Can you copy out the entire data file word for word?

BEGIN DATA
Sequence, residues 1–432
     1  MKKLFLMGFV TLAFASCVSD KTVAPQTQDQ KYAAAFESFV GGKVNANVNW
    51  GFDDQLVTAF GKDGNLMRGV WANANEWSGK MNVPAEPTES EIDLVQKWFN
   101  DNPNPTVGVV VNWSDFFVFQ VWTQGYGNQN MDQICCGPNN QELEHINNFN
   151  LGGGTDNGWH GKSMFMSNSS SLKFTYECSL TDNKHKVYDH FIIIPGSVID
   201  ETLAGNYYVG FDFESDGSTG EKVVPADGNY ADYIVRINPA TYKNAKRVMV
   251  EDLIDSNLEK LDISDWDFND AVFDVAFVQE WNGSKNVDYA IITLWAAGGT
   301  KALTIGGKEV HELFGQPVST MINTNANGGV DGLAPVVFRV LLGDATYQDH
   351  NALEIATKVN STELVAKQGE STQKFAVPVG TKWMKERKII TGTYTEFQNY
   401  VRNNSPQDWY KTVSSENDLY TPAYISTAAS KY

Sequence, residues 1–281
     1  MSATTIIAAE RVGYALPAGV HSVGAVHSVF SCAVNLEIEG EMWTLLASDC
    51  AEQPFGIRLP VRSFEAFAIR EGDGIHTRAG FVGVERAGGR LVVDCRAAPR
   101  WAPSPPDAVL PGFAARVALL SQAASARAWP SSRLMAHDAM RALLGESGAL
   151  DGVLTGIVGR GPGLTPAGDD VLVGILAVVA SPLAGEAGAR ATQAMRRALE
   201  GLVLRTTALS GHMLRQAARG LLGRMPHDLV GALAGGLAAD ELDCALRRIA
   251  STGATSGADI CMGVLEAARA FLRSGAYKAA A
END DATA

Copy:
Sequence, residues 1–432
     1  MKKLFLMGFV TLAFASCVSD KTVAPQTQDQ KYAAAFESFV GGKVNANVNW
    51  GFDDQLVTAF GKDGNLMRGV WANANEWSGK MNVPAEPTES EIDLVQKWFN
   101  DNPNPTVGVV VNWSDFFVFQ VWTQGYGNQN MDQICCGPNN QELEHINNFN
   151  LGGGTDNGWH GKSMFMSNSS SLKFTYECSL TDNKHKVYDH FIIIPGSVID
   201  ETLAGNYYVG FDFESDGSTG EKVVPADGNY ADYIVRINPA TYKNAKRVMV
   251  EDLIDSNLEK LDISDWDFND AVFDVAFVQE WNGSKNVDYA IITLWAAGGT
   301  KALTIGGKEV HELFGQPVST MINTNANGGV DGLAPVVFRV LLGDATYQDH
   351  NALEIATKVN STELVAKQGE STQKFAVPVG TKWMKERKII TGTYTEFQNY
   401  VRNNSPQDWY KTVSSENDLY TPAYISTAAS KY

Sequence, residues 1–281
     1  MSATTIIAAE RVGYALPAGV HSVGAVHSVF SCAVNLEIEG EMWTLLASDC
    51  AEQPFGIRLP VRSFEAFAIR EGDGIHTRAG FVGVERAGGR LVVDCRAAPR
   101  WAPSPPDAVL PGFAARVALL SQAASARAWP SSRLMAHDAM RALLGESGAL
   151  DGVLTGIVGR GPGLTPAGDD VLVGILAVVA SPLAGEAGAR ATQAMRRALE
   201  GLVLRTTALS GHMLRQAARG LLGRMPHDLV GALAGGLAAD ELDCALRRIA
   251  STGATSGADI CMGVLEAARA FLRSGAYKAA A